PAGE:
Why Aren’t Schools Using the Apps They Pay For?

With thousands of education apps available today, it can seem like students’ success is in the palm of their hands. But easy to forget is that technology is not in itself a solution. For it to work as intended, it must be paired with other critical elements: professional development for teachers, thoughtful implementation and consistent engagement.

A new report that analyzes 1.48 million hours of technology usage by 390,000 students across 48 U.S. school districts underscores this point.School leaders expect students and teachers to be using their licensed apps all the time, says Ryan Baker, director of the University of Pennsylvania Center for Learning Analytics. But in reality, most of the apps schools adopt are neglected.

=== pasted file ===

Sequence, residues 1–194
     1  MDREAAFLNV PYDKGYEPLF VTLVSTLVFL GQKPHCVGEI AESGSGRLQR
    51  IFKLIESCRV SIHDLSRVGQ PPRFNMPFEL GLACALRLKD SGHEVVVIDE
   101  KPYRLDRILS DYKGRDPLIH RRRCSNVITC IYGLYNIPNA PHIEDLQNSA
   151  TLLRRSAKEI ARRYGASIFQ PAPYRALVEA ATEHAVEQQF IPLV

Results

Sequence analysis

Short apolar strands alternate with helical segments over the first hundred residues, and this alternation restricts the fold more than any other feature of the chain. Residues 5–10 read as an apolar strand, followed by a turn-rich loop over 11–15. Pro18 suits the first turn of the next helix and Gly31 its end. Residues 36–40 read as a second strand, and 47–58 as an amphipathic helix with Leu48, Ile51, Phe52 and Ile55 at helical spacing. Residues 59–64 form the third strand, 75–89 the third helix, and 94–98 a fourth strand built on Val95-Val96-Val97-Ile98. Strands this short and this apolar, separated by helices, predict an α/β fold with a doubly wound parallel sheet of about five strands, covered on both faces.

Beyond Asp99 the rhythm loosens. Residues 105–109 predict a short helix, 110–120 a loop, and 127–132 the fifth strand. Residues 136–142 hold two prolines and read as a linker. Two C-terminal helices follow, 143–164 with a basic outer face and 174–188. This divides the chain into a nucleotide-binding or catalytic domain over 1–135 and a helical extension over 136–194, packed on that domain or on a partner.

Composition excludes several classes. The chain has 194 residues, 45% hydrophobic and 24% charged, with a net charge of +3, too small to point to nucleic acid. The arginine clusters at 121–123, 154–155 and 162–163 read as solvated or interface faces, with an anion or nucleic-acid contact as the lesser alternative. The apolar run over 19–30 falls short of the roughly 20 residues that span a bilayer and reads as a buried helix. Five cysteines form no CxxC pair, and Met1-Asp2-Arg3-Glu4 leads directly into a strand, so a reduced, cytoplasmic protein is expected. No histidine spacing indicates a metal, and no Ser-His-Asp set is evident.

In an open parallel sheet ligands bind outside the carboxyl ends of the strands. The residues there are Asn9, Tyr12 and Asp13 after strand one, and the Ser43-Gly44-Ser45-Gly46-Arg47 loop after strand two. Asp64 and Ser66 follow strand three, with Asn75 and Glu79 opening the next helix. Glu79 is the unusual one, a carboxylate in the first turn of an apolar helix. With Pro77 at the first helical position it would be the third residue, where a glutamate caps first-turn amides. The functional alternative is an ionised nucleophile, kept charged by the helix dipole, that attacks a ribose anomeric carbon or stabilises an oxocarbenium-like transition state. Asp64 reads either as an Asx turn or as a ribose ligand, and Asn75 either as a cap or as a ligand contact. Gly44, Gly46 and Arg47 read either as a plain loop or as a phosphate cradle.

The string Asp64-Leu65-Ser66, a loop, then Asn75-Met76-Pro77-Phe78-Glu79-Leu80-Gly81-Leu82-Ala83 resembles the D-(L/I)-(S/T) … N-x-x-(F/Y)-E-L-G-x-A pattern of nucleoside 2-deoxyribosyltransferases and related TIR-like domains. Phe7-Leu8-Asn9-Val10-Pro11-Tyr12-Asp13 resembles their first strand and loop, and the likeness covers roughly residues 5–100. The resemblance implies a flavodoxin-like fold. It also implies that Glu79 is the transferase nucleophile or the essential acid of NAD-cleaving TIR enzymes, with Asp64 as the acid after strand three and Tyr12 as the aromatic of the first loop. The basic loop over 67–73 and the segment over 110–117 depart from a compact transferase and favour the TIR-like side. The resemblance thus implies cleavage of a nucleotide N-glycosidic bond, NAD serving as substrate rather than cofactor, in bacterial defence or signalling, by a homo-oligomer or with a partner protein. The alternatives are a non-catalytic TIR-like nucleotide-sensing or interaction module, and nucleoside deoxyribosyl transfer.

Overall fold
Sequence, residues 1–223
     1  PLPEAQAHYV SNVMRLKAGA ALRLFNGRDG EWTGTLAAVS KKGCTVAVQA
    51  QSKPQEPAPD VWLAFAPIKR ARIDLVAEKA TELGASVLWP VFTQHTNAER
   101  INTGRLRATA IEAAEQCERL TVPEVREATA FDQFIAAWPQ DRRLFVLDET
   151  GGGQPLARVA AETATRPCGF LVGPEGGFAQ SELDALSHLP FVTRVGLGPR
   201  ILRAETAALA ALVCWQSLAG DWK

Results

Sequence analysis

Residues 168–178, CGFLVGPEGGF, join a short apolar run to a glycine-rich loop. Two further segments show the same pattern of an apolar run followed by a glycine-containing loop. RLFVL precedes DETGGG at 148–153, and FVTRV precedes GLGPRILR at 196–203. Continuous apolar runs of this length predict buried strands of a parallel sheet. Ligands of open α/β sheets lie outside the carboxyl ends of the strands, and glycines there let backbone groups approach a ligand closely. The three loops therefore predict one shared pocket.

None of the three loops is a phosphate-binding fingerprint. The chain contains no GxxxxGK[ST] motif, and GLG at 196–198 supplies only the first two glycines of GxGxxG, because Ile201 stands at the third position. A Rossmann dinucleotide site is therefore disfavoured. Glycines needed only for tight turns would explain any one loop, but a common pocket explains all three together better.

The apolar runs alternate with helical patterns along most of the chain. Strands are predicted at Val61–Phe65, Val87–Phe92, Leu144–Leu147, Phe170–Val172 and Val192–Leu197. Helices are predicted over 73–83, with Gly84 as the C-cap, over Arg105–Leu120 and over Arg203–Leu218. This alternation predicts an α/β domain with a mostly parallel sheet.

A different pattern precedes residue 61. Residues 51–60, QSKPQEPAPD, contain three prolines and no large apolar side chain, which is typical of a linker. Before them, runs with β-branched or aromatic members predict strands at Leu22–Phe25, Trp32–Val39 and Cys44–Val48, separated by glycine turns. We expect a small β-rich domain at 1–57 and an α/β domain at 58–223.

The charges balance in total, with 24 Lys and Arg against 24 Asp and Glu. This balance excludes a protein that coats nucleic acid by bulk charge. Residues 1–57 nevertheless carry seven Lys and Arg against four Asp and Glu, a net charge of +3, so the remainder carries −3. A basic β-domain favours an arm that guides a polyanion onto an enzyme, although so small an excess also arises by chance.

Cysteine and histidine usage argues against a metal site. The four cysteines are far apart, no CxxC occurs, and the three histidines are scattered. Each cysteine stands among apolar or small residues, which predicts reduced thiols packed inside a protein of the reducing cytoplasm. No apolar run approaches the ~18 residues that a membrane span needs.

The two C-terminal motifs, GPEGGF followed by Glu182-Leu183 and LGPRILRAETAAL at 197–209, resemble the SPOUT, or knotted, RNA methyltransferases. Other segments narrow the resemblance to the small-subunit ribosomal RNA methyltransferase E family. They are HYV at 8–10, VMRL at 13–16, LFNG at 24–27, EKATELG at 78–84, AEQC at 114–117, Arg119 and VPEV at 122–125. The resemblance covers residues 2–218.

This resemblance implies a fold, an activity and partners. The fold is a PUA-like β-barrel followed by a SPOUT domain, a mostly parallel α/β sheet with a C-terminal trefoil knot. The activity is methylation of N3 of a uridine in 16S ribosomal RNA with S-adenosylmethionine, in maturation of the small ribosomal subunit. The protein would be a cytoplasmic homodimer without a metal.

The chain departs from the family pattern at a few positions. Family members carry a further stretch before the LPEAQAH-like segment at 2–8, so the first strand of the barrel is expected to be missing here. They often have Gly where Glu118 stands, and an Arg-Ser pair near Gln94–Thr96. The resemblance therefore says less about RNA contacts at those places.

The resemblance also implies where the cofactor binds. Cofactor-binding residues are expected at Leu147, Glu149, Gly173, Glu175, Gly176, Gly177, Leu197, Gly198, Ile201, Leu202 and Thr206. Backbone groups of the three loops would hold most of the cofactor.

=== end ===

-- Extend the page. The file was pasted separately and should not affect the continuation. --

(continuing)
“Schools will buy these licenses, and then they never really get touched,” says Baker, who analyzed the data and co-authored the report.That’s an especially big problem for the education apps that are designed for “relatively intensive usage,” he adds, because only at that level can the apps be expected to lead to their promised learning outcomes.

The study, from a K-12 data management company BrightBytes, used data collected from the company’s analytics platform to measure learning outcomes from digital apps through three primary lenses. First is investment—how much a subscription costs, how many licenses a school has and how active its users are. Second is engagement—how many students use an app, how long they use it, how often they use it and how they feel about it. The third lens is impact—whether students’ use of an app has any bearing, positive or negative, on standardized test scores.

 

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